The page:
Over the entire surface of the filling 3, consisting of the porous granular lava material, the micro-organisms which are produced by the biological reaction of the oxygen with the organic substances in the waste water form a bacteria flora, which may be referred to as the biological cover. The water flows with a trickle flow through the filling 3 in the first pressure chamber 1 and at the bottom flows through openings 9 into the lower region of the second filter chamber 2. It then flows upwardly through the upward filter as indicated at 10 in the second pressure chamber 2, and accumulates in the form of clean and purified water, as indicated at 12 in the drawing, above the nozzle plate portion 11 which delimits the filter 10 in an upward direction. A cushion of air as indicated at 13 is formed above the surface of the purified water 12, and the purified water 12 can be removed from the apparatus by way of a clean water removal valve 14.
The gas pressure in the first pressure chamber 1 consists of the sum of the air cushion pressure above the surface of the clean water above the upward filter 10 and the difference in level between the level of the water in the first pressure chamber 1 and that of the clean water plus the filter resistance and in the above-described apparatus is for example 2.0 bars. The clean water removal valve 14 is in the form of a pressure holding valve and it regulates the discharge flow of clean water insofar as no post-treatment installation for the production of drinking water and water fit for industrial use utilises that upstream pressure.
With an oxygen gas pressure of 2.0 bars and a temperature of 15° C., 145 mg/l of oxygen is genuinely typically dissolved in the water. That high level of oxygen supply accelerates biological decomposition and provides that the water which is under pressure, downstream of the percolating filter stage 3, transports a stock or deposit of oxygen into the upward filter 10 in the second pressure chamber 2. The net oxygen consumption in the first pressure chamber 1 and the percolating filter material 3 contained therein approximately corresponds to the biochemical oxygen demand of the waste water. That amount of oxygen is fully automatically supplied to the first pressure chamber 1 and the percolating filter material 3 by way of the fan 8 from the evaporator of a liquid oxygen installation.
The inactive constituents of the biological cover are entrained by the water which is trickling down through the percolating filter and undergo sedimentation in a sludge thickener as indicated at 15, formed by the lower part of the taperingly convergent configuration at the underside of the first pressure chamber 1, or are retained in the filter 10. A biological fine purification operation takes place in the filter 10, with a film-like cover being formed on the fine-pore foam granulate material of the filter 10. That film-like cover lives off the oxygen excess of the water to be filtered therein.
As indicated above, the sludge thickener 15 tapers downwardly to a tip at which is a sludge removal opening with a sludge removal valve 16 to which a sludge removal conduit 17 is connected.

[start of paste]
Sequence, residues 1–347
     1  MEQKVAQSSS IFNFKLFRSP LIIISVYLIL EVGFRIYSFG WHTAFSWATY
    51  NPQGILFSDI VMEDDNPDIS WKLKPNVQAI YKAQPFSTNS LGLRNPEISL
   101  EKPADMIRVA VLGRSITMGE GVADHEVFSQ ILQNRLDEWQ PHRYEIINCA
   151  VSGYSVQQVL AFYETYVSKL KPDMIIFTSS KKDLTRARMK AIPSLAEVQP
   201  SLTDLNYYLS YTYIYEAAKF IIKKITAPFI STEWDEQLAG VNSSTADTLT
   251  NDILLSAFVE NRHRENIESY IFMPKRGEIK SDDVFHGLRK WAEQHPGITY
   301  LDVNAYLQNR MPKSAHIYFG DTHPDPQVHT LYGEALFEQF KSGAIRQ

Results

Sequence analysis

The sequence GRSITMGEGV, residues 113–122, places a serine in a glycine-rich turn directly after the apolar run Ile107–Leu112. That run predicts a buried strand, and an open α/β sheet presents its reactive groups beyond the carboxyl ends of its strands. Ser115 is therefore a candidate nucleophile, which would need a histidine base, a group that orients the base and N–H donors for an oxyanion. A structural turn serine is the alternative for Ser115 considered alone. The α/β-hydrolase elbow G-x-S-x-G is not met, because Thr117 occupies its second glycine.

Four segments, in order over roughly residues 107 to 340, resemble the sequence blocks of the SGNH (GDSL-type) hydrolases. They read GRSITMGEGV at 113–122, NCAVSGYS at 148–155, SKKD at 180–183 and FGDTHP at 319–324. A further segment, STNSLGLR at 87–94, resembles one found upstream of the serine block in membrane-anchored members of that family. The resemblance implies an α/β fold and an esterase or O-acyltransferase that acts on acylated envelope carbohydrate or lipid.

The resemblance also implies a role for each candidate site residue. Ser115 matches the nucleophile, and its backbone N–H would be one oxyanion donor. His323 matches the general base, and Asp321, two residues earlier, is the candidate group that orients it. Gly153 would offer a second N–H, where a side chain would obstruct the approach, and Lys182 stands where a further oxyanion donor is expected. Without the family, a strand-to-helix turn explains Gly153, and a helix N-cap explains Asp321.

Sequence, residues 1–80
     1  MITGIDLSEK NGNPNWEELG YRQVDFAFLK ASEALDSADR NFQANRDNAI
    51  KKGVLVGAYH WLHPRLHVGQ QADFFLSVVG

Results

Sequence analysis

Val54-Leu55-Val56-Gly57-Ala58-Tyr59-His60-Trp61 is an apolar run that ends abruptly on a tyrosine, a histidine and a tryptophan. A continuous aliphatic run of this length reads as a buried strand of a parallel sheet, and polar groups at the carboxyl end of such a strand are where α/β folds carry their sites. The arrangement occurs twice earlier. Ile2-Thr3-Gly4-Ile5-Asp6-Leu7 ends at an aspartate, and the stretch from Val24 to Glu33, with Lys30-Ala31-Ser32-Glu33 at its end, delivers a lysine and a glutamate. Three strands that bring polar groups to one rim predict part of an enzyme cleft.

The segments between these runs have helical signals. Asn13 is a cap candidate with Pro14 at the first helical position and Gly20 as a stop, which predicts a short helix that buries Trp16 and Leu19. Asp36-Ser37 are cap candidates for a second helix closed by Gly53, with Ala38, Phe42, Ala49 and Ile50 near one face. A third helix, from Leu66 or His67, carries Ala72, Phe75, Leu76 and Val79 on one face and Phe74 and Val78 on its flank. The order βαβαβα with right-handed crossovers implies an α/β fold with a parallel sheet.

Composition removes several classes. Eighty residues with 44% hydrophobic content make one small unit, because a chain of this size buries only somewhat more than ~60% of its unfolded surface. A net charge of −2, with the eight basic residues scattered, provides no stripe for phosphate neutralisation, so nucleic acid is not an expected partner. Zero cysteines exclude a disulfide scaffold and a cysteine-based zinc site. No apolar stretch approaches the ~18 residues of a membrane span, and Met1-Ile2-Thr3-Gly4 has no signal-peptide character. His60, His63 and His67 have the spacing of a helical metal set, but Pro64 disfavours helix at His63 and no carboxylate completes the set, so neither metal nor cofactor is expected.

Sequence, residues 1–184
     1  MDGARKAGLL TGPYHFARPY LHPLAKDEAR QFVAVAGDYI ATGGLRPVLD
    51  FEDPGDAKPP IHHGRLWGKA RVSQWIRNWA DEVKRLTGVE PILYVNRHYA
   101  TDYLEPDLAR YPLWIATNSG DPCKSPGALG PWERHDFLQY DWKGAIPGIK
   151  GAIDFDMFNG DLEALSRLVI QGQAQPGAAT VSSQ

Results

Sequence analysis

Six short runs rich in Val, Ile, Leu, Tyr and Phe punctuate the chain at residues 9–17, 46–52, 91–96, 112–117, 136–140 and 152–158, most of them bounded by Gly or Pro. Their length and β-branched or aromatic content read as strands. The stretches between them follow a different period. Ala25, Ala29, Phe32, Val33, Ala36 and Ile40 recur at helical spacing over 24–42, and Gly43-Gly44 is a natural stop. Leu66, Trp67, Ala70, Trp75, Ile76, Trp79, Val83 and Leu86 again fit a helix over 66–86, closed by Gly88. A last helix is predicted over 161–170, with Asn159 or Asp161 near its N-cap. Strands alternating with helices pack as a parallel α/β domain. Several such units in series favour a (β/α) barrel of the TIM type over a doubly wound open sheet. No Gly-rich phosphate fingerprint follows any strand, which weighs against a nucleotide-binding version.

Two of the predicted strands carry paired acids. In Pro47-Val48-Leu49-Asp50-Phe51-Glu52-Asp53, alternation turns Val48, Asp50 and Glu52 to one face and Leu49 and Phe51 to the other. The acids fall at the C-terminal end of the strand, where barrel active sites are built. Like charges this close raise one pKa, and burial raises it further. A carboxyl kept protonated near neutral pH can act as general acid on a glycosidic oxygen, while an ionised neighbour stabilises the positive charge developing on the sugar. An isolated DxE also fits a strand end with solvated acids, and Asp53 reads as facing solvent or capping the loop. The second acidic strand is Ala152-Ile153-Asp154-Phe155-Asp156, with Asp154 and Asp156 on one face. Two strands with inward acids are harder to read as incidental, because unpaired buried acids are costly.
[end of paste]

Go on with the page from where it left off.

The installation includes a number of other devices to provide for fully automatic operation of the apparatus. Thus, provided at the top side of the first pressure chamber 1 is a gas discharge valve 18 which is operatively associated with a pressure circuit 20 for opening the valve 18. The valve 18 as well as the fan 8 and the sludge discharge valve 16 are provided with electrical actuating means. For example, the gas discharge valve 18 is additionally or alternatively actuated by a timing circuit 19, while the sludge discharge valve 16 is actuated by a timing circuit or timer 21. The pressure holding regulating valve 14 on the clean water discharge conduit responds to continuous measurement of the residual oxygen in the clean water 12. In that way, besides regular operation of the apparatus, it is also possible to carry out a flushing or rinsing operation which is shown on the right-hand side of the drawing. In operation of the apparatus, the filter becomes increasingly clogged with matter so that the filter resistance rises and increases the pressure of the gas cushion in the first pressure chamber 1. As a result, a flushing or rinsing operation is initiated by means of pressure actuation and/or time control, as follows: the control valve on the water feed conduit 5 which also has an electrical actuating means, and the oxygen feed valve at the fan 8 are closed while the clean water pressure holding valve 14 also remains in a closed condition. The upper gas discharge valve 18 is opened, a fixed gas consisting of oxygen, carbon dioxide, nitrogen and other gaseous reaction products then issuing therefrom. At the same time the air cushion 13 above the falling level of clean water 12 expands so that the filter 10 is flushed out in a surge-like mode and the water level in the first pressure chamber 1 rises by the amount indicated at Q1 in the right-hand side of the illustration in the drawing, while the level of the clean water 12 falls by the amount Q2. The sludge removed accumulates in the sludge thickener 15. After a period of about 60 to 90 seconds, the valve 18 is closed by the timing circuit 19 and the waste water feed valve on the conduit 5 and the oxygen feed valve at the fan 8 are opened. The gas cushions in the first pressure chamber 1 and in the second pressure chamber 2 are compressed and the apparatus operates in the above-described manner, as shown in the left-hand side of the drawing. The sludge is removed from the lower part of the apparatus under the control of the timer 21, having regard to the thickening time required therefor, by the sludge discharge valve 16 being suitably opened.